Caring for patients with limited English proficiency (LEP) is a complex process that challenges clinicians in any setting. Being able to effectively communicate is crucial to ensuring the patient’s well-being and safety. But when this process is hindered by a patient or family’s language barrier, quality of care and patient outcomes could be compromised. Even with the assistance of an interpreter, how can we ensure that LEP patients and families truly understand their education? How much health knowledge and health literacy do they need in order to effectively synthesize and apply everything they learned during an encounter? There are a number of factors to consider. …Read More
In surgery, as in life, practice makes perfect. But in the case of a cleft lip, practice is tricky, because a mistake can result in permanent scarring or disfigurement of a child’s face. This was the problem Carolyn Rogers-Vizena, MD, a plastic and oral surgeon in the Cleft Lip and Palate Program at Boston Children’s Hospital, brought to the SIMPeds Engineering Studio. She needed a safer hands-on way to teach cleft lip surgery to residents and students.
“Very minute slip-ups can cause scarring that stays with a child as they grow. So as a surgeon it’s hard to let go of the reins and let my trainees take over,” says Rogers-Vizena.
Rogers-Vizena reached out to Andrew Hosmer, Project Manager at SIMPeds Engineering, part of Boston Children’s simulator program. SIMPeds is a collaborative cohort of engineers, doctors, educators, scientists, and business leaders devoted to increasing clinician preparedness through high-fidelity simulation. Hosmer and his fellow engineers spend their days creating “trainers” — highly realistic anatomical replicas that enable providers and students to practice procedures that can’t be learned on live patients.
“Ultimately, we’re in service to the hospital, with a purpose to train and reduce fear,” Hosmer says. …Read More
Casting is a fundamental technique within orthopedics that is used to fix fractures, help patients with deformities, and immobilize a limb after surgery. For a physician, it’s imperative to not only know how to apply the cast appropriately, but also how to remove it safely.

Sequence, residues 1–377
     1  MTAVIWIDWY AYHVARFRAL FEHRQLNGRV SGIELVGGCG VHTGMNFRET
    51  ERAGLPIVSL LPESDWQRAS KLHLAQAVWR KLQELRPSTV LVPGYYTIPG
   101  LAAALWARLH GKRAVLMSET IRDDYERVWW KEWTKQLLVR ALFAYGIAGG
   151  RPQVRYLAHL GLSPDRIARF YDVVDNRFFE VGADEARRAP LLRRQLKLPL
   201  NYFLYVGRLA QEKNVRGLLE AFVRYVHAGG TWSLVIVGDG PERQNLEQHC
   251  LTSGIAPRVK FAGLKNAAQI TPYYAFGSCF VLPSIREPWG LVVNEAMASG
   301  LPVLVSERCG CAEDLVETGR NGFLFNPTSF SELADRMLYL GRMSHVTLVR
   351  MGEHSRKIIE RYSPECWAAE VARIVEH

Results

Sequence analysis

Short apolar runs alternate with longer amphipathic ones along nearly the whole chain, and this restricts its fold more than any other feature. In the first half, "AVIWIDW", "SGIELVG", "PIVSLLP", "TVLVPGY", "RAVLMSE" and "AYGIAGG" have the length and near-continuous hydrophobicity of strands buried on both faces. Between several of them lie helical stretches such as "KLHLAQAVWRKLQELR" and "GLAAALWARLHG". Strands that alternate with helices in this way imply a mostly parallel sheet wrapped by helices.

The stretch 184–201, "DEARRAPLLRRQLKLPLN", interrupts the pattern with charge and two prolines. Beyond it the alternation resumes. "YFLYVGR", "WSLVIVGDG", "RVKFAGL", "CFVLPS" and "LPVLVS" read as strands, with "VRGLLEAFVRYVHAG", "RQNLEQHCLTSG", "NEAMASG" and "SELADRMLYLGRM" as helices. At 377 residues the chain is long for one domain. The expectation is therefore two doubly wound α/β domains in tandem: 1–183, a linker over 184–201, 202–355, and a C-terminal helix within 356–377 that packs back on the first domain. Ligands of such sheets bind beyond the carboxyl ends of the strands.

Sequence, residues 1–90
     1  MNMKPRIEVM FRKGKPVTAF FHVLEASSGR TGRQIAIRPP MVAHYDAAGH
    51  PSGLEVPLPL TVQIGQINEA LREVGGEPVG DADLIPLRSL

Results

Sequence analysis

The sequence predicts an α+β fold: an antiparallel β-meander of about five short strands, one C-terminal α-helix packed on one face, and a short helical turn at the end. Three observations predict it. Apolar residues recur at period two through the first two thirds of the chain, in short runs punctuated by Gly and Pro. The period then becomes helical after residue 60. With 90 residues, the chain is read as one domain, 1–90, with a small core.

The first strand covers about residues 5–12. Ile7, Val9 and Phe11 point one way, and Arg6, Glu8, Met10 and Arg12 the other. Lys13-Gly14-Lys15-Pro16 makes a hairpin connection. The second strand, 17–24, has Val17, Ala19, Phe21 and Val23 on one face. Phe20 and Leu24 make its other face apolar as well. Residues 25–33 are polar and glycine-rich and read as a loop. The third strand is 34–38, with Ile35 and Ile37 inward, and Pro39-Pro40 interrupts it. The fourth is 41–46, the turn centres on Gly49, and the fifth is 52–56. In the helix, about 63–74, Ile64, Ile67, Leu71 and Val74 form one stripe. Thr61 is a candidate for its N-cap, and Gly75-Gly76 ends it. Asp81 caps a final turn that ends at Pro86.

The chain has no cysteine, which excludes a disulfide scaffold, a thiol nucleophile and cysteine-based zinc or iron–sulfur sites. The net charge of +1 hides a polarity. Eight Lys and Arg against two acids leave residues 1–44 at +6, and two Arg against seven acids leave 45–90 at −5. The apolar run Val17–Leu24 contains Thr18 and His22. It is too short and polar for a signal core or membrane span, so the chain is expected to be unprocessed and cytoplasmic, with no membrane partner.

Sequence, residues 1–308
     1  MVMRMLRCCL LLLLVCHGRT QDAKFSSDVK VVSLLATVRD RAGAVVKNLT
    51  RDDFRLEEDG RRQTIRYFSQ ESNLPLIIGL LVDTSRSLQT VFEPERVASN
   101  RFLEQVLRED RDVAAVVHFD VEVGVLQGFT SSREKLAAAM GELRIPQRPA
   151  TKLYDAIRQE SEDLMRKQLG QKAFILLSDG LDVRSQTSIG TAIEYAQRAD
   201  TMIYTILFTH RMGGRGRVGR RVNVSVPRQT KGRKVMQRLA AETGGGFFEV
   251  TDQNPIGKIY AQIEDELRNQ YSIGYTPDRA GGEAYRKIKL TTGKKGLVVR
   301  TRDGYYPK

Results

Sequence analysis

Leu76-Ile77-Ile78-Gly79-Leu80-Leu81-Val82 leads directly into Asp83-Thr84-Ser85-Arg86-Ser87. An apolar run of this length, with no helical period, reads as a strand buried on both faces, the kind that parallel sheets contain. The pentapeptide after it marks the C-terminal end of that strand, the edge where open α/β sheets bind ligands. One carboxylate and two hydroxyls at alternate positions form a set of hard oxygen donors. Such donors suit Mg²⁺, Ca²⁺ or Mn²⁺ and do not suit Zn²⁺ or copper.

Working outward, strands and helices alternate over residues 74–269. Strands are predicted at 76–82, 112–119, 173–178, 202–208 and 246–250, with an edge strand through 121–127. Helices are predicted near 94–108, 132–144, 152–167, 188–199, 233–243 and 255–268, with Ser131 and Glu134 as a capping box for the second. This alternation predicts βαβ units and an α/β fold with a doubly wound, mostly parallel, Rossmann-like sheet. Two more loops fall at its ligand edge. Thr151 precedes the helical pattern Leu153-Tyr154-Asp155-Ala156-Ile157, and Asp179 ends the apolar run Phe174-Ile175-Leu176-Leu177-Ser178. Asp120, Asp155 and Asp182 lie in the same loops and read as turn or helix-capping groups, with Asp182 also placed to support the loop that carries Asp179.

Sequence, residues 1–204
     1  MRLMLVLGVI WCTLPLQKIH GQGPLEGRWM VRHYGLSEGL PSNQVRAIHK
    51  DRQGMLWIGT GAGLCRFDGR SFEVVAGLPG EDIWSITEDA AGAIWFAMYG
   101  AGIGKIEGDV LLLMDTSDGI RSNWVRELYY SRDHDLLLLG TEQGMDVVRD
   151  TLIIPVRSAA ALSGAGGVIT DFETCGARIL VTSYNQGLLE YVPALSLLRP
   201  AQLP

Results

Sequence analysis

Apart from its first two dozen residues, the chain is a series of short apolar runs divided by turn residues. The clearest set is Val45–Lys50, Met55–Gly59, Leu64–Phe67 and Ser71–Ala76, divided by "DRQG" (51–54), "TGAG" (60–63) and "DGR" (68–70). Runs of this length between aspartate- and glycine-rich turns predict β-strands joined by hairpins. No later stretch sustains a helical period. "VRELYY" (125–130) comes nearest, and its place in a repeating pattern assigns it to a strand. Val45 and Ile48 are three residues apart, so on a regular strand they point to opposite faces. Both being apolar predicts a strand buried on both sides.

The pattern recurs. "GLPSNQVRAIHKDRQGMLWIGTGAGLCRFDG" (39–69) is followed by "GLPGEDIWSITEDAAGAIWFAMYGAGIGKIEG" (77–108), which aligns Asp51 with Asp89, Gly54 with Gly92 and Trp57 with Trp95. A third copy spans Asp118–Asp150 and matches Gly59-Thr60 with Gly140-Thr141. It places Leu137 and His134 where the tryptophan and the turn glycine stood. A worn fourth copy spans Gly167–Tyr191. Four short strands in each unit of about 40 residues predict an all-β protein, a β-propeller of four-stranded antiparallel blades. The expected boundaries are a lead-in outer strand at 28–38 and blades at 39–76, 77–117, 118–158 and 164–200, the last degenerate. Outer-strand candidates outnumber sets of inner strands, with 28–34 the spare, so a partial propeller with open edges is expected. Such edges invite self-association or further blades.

During cast removal, a cast saw can heat up to the point where it injures the patient by burning their skin. This often results in further, expensive clinical care. But more importantly, it is a painful and avoidable injury to the patient.
Donald S. Bae, MD, an orthopedic surgeon in Boston Children’s Orthopedic Center, is the lead author on an article published in The Journal of Bone & Joint Surgery that details how a simple simulation program dramatically reduced cast-saw injuries. …Read More
Everyone who works in health care is familiar with U.S. News and World Report’s annual Best Hospitals rankings. But the methods behind the numbers can seem complex and mysterious, even secretive. What do rankings really tell us about the quality of health care at various institutions? Are they even helpful? Do they impact care?
Sree Bhagwat, a senior marketing analyst at Boston Children’s Hospital who manages the hospital’s data collection and reporting to U.S. News, says “yes.”
“It’s not just about competition,” says Bhagwat. “It’s about improving the standards of health care everywhere. The rankings process reveals important metrics that can drive improvements in national health care. Data points are driven by expert clinicians who serve on the numerous U.S. News committees.”